Republican presidential candidate Mitt Romney and his campaign have issued a strongly worded written challenge to the Washington Post refuting claims in its June 21 article that Bain Capital outsourced jobs while Romney was there.
On Thursday, the Post's Jennifer Rubin published some excerpts:
The article details companies that had facilities overseas, but it never provides an example in which American jobs were moved overseas. The headline implies that, while under Bain’s control, the six companies addressed in the article laid off Americans and sent the jobs offshore; but the article itself never provides an example of that occurring. The headline makes a claim that the article never substantiates.
Of note, this article did not quote a single human source. Had the Post contacted individuals affiliated with these companies, as is common in journalism, it would have learned that this is rife with inaccuracies and fails to live up to the Post’s investigative legacy. [Romney for President] has confirmed the analysis below with company officials. [...]
No firms identified in this article relocated jobs done by American workers to any international locations during the period of time where (a) Romney was at Bain Capital (1984 – Feb. 1999) and (b) Bain Capital owned interests in the companies (hereinafter, the “Romney Era”).
This article addresses China when discussing Bain’s investments in GT Bicycles, Modus, and ChipPac. As established below, no American jobs were relocated to China during the Romney Era by any of these companies. [...]
This article does not even attempt to address India.
Unsurprisingly, the President has used this inaccurate lede for political gain. Minutes after your story posted online, David Axelrod wrote: “Tonight’s story in the Washington Post exposed Mitt Romney’s breathtaking hypocrisy. He has campaigned all over this country, vowing that he would be an advocate for American jobs. But tonight we learned that he made a fortune advising companies on how to outsource jobs to China and India.” The Post’s inaccurate reporting has consequences.
That's just part of what Rubin included in her Thursday piece.
Readers are encouraged to review all of it as well as the Romney campaign's 10-page rebuttal to the Post which specifically outlined what happened at each of the companies named by the paper with comments from current and former heads of said companies supporting Romney's claims.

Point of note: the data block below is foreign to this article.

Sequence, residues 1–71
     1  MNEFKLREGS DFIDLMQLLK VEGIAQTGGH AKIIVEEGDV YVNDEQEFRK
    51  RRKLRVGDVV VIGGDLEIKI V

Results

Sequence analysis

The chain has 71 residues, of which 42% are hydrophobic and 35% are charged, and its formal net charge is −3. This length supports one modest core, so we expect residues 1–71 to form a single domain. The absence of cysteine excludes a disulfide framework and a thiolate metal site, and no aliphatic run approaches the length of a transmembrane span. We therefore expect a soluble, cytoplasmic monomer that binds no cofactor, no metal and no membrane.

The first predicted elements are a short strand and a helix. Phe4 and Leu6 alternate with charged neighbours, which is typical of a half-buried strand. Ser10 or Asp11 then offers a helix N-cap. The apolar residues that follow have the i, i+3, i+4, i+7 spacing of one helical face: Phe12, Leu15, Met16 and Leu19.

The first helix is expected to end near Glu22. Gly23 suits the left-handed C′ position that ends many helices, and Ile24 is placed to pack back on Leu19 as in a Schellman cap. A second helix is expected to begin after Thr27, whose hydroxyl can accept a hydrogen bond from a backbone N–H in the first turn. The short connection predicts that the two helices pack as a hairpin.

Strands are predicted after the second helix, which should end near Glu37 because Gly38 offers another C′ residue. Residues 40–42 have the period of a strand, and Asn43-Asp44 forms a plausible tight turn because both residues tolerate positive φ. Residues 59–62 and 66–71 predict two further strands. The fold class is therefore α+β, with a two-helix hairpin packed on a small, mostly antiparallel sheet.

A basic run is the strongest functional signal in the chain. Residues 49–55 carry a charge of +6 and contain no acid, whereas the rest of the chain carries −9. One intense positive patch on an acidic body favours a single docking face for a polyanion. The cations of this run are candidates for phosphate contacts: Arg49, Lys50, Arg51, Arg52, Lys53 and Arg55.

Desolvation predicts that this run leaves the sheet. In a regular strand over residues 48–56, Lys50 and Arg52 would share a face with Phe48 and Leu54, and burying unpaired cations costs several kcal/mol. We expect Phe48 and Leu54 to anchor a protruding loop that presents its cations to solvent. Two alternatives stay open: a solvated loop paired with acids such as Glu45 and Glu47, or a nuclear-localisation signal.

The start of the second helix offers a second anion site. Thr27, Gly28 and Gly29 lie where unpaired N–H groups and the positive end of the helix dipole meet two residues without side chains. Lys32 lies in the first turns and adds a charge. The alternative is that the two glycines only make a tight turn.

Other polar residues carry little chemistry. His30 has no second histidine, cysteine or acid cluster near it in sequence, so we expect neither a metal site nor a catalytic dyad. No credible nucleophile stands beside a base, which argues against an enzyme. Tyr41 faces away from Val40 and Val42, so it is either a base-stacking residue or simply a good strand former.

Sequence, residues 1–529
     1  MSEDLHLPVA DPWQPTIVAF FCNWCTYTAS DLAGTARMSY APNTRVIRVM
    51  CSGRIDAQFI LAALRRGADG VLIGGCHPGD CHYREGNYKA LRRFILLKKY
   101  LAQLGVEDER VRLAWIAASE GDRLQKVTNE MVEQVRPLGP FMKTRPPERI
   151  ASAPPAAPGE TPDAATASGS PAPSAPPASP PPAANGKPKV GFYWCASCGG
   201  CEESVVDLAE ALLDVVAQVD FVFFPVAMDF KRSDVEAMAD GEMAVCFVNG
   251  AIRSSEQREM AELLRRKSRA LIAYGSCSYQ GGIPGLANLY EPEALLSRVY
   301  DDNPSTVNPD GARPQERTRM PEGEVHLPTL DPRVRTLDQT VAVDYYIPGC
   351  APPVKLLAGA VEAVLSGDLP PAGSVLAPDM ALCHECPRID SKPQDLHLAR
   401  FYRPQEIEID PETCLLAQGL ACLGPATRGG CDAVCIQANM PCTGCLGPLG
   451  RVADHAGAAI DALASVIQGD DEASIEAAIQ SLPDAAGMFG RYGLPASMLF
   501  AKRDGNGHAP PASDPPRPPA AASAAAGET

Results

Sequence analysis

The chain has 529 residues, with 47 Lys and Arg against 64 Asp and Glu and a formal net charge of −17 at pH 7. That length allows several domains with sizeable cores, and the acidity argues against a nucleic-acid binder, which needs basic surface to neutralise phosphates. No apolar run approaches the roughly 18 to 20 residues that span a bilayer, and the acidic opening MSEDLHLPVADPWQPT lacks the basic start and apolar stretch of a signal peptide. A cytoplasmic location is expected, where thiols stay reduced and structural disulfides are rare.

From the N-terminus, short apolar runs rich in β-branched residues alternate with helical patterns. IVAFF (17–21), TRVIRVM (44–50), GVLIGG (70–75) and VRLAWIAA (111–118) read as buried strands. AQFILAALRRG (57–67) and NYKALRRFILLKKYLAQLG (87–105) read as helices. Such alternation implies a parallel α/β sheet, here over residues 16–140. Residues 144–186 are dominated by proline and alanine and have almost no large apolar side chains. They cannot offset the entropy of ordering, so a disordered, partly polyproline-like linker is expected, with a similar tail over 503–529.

The facts as presented by the Romney campaign bring into serious question the quality of the reporting done by the Post for this piece, especially in an election year.
The White House is already using points made in this article at campaign stops and in television advertisements.
If assertions made in the piece are indeed either inaccurate or assumptions, the Post needs to let its readers know.
Despite the pushback, that has not been the case yet. Politico reported a few hours ago that the Post is not issuing a retraction and is standing by its story.
Regardless, it seems safe to assume this matter isn't over with.
Now that the Romney campaign has so strongly rebutted, it's a metaphysical certitude interested parties in the new and old media will be digging for more information concerning the six companies named by the Post. It will be interesting to see what else comes up.
Maybe more importantly, the Romney campaign appears to have thrown down the gauntlet warning other Obama-supporting news outlets to be careful with their attacks.
This election cycle has already seen its share of smear jobs on Romney as well as virtually all of the Republican candidates.
Has the presumptive nominee finally had enough and decided he's going to strike back at any and all media assertions he believes to be unfair or lacking in facts?
If that's the case, we're in for a far more interesting home stretch to this campaign than any of us imagined.